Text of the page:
The dusky track is the serious walk in new Zealand. Hardcore tramping with lots of mud. 10 days.



Sen

Are you not worried that by hiking in NZ you might be giving people false hope of a Hobbit sequel?


Yes, well, now there's a joke from a man living in a house of glass. :lol:



With my redoubtable courage and magnificent beard I'm more Gimli than Bilbo.


I tend to run the tracks too. Just days on end running, with armour.


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PostPosted: Wed Sep 14, 2016 10:28 am 
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Funnily enough, the one part of NZ that is underrated and no overseas people go into at all is the Tararuas, just north of Wellington. It is the founding area of tramping in NZ and it is extremely hardcore. Very steep, vast, bushy, and with very dodgy weather. The tracks are also extreme high level of difficulty. That is, barely tracks at all.

I did a day in there before doing the southern great tracks and saw not a soul in 8 hours of gruelling walking. I saw one bloke right at the end and he was super super fit. He said if you've done this the great walks are a total piece of piss.

It's the kind of place people go in for competitive tramping. Bit weird really. People get lost in there all the time.


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PostPosted: Wed Sep 14, 2016 10:51 am 
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Seneca of the Night wrote:
danny_fitz wrote:
HKCJ wrote:
The girl I hike with (not my gf which may become an issue) and I are keen for GR20 next year.

Btw I may need to pick your brain at some point. GF and I tentatively looking at a decent African road trip in 2018. Will let you know!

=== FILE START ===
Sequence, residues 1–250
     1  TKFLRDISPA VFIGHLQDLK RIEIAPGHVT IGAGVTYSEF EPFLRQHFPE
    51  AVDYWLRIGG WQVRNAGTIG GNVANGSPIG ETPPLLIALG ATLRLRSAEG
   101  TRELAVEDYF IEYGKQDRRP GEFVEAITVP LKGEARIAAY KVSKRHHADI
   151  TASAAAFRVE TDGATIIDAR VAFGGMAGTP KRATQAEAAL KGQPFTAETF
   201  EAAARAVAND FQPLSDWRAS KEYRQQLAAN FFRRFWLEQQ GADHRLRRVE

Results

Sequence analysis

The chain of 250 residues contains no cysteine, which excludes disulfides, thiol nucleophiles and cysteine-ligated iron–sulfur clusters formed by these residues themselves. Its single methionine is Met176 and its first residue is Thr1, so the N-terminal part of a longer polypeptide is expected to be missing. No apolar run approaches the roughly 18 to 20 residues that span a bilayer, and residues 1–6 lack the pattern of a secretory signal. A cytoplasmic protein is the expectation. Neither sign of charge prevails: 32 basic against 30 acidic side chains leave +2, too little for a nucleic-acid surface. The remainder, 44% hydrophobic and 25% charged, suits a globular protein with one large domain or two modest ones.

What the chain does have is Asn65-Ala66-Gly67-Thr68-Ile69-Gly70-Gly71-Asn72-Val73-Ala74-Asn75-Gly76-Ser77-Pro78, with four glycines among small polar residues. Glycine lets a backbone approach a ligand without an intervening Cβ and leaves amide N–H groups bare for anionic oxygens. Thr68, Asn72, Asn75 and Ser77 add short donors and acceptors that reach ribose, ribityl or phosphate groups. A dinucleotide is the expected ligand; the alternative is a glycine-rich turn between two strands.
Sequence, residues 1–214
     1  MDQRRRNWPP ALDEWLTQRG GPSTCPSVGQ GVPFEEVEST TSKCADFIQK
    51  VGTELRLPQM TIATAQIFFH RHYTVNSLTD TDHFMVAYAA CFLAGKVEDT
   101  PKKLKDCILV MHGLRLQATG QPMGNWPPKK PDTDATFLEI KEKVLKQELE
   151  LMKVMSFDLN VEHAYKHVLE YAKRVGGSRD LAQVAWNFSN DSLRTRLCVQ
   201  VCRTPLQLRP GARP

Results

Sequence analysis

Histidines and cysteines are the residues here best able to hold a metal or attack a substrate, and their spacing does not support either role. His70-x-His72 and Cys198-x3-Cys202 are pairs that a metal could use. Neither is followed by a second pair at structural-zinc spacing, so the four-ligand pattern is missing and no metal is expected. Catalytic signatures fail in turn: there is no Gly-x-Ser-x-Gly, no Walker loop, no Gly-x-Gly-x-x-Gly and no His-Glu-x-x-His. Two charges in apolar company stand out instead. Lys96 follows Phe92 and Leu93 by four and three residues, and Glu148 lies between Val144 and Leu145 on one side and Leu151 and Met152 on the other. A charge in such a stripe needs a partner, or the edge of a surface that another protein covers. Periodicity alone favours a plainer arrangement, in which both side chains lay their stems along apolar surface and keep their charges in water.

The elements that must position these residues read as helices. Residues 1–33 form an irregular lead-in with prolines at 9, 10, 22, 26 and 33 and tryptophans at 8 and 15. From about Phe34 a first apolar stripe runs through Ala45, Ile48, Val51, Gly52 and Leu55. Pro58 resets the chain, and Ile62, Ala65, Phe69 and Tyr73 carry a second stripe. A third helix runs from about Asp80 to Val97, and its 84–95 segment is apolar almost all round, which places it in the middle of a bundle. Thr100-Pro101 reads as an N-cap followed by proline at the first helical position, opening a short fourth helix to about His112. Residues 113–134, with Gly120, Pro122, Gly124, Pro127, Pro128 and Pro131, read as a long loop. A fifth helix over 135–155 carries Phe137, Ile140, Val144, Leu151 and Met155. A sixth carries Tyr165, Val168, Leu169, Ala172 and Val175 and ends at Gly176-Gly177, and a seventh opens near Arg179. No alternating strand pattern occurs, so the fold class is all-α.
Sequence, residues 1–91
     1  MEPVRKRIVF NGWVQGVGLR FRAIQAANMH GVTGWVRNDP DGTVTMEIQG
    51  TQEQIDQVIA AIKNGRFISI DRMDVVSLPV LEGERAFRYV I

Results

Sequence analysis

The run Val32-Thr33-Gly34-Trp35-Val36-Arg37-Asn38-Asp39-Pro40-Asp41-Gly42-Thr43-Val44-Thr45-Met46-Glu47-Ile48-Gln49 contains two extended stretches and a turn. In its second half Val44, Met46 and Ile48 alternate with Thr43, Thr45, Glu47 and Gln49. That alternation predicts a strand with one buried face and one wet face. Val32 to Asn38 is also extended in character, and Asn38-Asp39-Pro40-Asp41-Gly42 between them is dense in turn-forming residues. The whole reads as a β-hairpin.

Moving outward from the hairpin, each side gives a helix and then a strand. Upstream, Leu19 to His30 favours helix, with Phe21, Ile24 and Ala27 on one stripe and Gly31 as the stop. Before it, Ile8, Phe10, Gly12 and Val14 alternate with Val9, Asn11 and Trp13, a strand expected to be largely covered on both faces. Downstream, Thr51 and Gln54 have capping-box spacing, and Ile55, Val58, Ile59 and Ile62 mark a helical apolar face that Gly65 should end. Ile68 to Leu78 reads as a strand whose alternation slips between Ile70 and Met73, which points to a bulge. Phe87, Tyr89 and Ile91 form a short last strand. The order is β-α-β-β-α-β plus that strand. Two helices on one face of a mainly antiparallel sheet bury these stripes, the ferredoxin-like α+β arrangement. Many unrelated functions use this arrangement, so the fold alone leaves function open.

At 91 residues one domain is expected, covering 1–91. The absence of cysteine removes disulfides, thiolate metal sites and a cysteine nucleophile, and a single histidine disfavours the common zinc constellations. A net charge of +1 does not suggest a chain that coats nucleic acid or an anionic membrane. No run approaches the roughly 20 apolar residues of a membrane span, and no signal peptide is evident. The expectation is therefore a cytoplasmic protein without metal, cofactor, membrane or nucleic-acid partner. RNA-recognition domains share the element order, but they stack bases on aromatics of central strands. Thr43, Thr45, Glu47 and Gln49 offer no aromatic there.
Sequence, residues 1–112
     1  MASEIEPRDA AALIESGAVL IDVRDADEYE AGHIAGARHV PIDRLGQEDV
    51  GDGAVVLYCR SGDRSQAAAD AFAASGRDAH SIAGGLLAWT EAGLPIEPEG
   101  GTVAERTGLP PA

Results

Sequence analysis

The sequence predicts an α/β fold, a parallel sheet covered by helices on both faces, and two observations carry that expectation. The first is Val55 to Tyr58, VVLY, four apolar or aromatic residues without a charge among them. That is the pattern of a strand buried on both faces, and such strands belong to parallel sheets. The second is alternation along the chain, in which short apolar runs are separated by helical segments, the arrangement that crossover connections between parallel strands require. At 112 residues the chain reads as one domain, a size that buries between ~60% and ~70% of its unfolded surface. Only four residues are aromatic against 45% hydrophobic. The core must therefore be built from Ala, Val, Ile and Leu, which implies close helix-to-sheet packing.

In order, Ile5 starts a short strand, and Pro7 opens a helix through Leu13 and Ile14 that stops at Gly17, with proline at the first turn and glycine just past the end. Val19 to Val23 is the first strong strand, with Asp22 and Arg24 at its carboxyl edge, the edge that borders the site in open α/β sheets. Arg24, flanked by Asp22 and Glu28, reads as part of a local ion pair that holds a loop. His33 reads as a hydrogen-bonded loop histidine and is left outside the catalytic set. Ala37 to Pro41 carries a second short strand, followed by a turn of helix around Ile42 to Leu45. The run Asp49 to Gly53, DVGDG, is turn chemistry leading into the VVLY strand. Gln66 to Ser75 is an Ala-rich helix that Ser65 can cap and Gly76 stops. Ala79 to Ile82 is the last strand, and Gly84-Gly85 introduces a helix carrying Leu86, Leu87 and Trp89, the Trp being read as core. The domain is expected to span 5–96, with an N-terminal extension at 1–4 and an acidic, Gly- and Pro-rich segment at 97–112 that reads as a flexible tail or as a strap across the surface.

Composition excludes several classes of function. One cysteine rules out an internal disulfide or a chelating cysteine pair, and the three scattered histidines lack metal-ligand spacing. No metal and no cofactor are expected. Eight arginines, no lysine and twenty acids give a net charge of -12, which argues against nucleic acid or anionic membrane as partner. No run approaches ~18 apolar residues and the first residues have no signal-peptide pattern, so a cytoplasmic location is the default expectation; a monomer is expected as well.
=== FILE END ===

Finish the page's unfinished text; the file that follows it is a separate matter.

GR20 is a classic trek!

Tap me up when you want to have a chat about overlanding. In the meantime have a look at some of Chris Scott's publications and Google 'Horizons Unlimited' which is a very active overlanding forum full of trip planning advice.


Grr, you guys are making me angry with these trips. Must do a big one in about three years time. The problem I've got at the moment is the girl I used to do these kind of trips has just had a baby (by herself bizarrely) so I need to find another partner. I agree with HK and GS that it's often good to have a female friend to do these things with as it can get a bit difficult with girlfriends.


I dunno, my girlfriend became my fiancée by the end of my trip! When you have seen your Mrs take a dump in the bush without complaint, bollock drunk armed policeman in Guinea or have been clubbing with her in a Brazzaville nightclub you kind of know she is a keeper!


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PostPosted: Wed Sep 14, 2016 10:57 am 
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So Kiwis "founded" going for a walk, in the bad bush North of Wellington.

Don't ever change, antipodeans.


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PostPosted: Wed Sep 14, 2016 10:58 am 
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I've managed a few long-ish treks in past years, and would love to be able to take the time to do another, great way of getting away from modern stresses and losing a stack of kgs while you're at it.

I have a good friend who is about half way through the Appalachian trail (3500km long) right now. He's doing it to work through some personal demons (PTSD) and he says it's the most positive thing he could ever have done for it.


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PostPosted: Wed Sep 14, 2016 11:00 am 
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Seneca of the Night wrote: